A translation by Judith Turcotte
My attention this week was drawn to an article in the Journal de Montréal on the initiative of the City of Montréal that is creating sponge parks in order to eliminate sewer backups and reduce wastewater discharges in the St. Lawrence River. In these parks, catch basins are installed to regulate the water flow during heavy rains. The water is then sent to the sewers in a controlled manner. And why not kill two birds with one stone? Plants are placed in these parks which will absorb and filter the water. These plants also have the capacity to eliminate chemical contaminants from the water. For further information, here is the link to the article.
If I had been intrigued by this article, I have become skeptical after reading it. How many times in the last months have we seen on the news the effects of heavy rains and important floods everywhere in the world? I have difficulty believing that these sponge parks will make a difference. Nevertheless, the City of Montréal intends to build around thirty in the next two years at a cost of 2.9 million for each sponge park. The city of Montréal will not be accused of doing anything; a good example of one of Ernest Hemingway’s expressions: “Never mistake motion for progress.”
Meanwhile, the City of Toronto undertook, in 2018, the construction of a tunnel of 10.5 kilometres to prevent sewer backups and the wastewater discharges in Lake Ontario and the Don River. This tunnel of 6.3 metres in diameter is dug into the rock to a depth of 50 metres. The project is known as the Coxwell Bypass Tunnel. It will all be completed over a period of 25 years at an estimated cost of $3 billion. The first phase of the project should be completed next year. With this project, the City of Toronto hopes to eliminate the discharges within 10 years. We are far from the sponge parks.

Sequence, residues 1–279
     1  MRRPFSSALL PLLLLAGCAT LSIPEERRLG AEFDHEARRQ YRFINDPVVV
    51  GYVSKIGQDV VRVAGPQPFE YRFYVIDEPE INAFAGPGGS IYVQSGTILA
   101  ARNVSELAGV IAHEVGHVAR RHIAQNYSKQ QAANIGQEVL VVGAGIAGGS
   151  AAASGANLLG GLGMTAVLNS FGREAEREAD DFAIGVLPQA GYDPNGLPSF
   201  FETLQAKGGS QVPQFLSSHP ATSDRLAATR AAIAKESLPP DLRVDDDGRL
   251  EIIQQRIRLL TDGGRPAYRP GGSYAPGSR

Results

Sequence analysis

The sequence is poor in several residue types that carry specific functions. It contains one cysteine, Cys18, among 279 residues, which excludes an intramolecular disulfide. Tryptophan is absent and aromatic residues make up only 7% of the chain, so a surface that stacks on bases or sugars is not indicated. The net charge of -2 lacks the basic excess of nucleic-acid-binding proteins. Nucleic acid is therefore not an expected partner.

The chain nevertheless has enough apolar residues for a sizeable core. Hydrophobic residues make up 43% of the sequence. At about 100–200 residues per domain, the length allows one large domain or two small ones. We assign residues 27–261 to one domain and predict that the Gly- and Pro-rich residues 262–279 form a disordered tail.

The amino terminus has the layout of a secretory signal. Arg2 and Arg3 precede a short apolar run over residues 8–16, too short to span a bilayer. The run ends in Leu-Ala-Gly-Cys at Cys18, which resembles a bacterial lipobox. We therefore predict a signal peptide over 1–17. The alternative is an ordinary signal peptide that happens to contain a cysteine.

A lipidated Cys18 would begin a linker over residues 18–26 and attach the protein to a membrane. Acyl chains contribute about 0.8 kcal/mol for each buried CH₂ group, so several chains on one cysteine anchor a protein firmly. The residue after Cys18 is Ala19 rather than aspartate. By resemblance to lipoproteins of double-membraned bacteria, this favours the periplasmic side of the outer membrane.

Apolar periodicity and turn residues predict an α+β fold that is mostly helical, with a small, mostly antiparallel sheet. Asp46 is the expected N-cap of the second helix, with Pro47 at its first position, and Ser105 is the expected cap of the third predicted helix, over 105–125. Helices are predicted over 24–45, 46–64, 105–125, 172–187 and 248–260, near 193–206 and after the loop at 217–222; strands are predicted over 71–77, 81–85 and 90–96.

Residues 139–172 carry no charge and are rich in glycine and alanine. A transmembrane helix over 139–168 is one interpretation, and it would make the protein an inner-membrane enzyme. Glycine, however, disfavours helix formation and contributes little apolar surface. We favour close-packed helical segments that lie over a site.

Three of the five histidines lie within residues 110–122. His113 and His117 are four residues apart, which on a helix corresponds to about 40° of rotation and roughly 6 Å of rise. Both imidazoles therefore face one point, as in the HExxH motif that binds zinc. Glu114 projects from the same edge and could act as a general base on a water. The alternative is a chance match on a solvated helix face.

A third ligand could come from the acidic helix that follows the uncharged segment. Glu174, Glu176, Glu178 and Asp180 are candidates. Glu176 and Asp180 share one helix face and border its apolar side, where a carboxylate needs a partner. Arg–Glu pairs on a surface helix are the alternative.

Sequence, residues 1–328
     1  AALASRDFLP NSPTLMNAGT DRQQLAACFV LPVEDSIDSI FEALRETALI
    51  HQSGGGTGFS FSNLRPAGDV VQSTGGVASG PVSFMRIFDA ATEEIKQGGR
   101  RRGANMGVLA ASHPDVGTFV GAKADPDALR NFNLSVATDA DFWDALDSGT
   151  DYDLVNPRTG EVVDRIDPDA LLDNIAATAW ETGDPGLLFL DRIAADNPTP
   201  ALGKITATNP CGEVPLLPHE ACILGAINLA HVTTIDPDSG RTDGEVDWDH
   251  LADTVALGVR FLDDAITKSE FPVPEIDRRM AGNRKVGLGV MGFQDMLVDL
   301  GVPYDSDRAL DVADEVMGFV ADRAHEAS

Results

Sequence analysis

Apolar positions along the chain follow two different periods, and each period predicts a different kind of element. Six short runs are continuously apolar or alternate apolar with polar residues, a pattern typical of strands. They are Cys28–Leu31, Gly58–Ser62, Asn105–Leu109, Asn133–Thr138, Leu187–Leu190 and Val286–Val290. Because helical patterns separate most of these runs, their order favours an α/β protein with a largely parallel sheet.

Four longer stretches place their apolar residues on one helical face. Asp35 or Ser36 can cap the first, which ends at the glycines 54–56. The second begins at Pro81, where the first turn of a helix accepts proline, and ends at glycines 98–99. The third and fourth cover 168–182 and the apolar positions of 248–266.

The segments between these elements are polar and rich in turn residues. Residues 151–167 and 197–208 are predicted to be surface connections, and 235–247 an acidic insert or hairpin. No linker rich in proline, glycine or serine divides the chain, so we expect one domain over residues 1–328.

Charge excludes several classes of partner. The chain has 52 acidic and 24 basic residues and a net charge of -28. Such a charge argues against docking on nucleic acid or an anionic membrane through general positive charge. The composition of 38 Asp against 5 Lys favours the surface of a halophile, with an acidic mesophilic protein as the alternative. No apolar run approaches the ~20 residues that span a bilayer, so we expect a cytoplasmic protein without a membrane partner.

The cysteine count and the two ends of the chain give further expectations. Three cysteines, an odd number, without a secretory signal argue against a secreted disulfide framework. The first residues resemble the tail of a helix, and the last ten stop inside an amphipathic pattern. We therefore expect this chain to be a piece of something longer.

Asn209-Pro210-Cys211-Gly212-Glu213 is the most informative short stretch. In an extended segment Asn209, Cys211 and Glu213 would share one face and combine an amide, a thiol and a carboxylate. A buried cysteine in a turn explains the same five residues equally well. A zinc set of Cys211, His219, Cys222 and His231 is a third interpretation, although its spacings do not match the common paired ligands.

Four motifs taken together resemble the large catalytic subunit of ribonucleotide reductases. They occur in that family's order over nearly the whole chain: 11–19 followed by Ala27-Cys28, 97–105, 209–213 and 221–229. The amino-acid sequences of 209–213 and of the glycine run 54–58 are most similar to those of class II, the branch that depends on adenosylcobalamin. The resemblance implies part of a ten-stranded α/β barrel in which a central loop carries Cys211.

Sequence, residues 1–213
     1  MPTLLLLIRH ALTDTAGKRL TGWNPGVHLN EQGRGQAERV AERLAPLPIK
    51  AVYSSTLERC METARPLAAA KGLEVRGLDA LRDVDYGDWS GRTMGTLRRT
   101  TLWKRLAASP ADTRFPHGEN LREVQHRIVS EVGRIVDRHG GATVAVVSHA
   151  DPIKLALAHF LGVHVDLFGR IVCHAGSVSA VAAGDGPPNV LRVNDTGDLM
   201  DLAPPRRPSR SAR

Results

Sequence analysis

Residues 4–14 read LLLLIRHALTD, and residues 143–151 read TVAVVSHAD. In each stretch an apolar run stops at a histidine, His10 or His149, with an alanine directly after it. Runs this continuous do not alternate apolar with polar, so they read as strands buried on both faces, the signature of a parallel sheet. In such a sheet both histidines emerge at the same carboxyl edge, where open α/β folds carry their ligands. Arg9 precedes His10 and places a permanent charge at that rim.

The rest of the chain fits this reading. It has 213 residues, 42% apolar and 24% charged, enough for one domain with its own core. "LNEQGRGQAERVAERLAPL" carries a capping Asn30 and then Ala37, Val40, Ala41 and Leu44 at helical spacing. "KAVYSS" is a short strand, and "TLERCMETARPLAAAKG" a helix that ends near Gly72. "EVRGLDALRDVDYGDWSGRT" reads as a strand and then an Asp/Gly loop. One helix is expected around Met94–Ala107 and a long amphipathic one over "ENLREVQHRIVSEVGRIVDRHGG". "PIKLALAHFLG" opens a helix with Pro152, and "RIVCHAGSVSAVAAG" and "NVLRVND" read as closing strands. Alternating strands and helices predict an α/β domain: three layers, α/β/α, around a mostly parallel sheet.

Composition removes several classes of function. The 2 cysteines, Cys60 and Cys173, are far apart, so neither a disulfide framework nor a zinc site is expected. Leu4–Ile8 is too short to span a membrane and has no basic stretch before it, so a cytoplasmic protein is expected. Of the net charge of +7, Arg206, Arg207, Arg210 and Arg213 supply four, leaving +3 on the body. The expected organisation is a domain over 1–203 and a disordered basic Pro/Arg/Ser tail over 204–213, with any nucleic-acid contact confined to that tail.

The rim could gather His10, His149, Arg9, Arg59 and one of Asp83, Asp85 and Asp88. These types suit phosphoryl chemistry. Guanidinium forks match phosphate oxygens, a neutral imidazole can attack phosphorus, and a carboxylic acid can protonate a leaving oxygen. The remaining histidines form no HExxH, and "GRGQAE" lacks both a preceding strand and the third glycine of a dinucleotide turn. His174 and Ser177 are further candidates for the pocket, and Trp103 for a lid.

The authorities of the City of Toronto consider that the elimination of wastewater discharges in Lake Ontario is the responsibility of our generation and of the next. The situation is all the more urgent as they anticipate that climate change will bring torrential rain as we have seen in many regions of the world in recent years. Montréal assures us that the sponge parks will be able to eliminate the discharges based on past statistics. Toronto is preparing for the consequences of future climate change.
In Québec, the wastewater discharges are not taken seriously. In a recent disclosure from the Fondation Rivières, it declared that “close to 200 cities of the province do not correctly measure the discharges while it has been mandatory for nearly ten years; the Environment Ministry rarely penalizes.”
It is possible to consult the list of cities that discharge the wastewater on the site of https://fondationrivières.org/.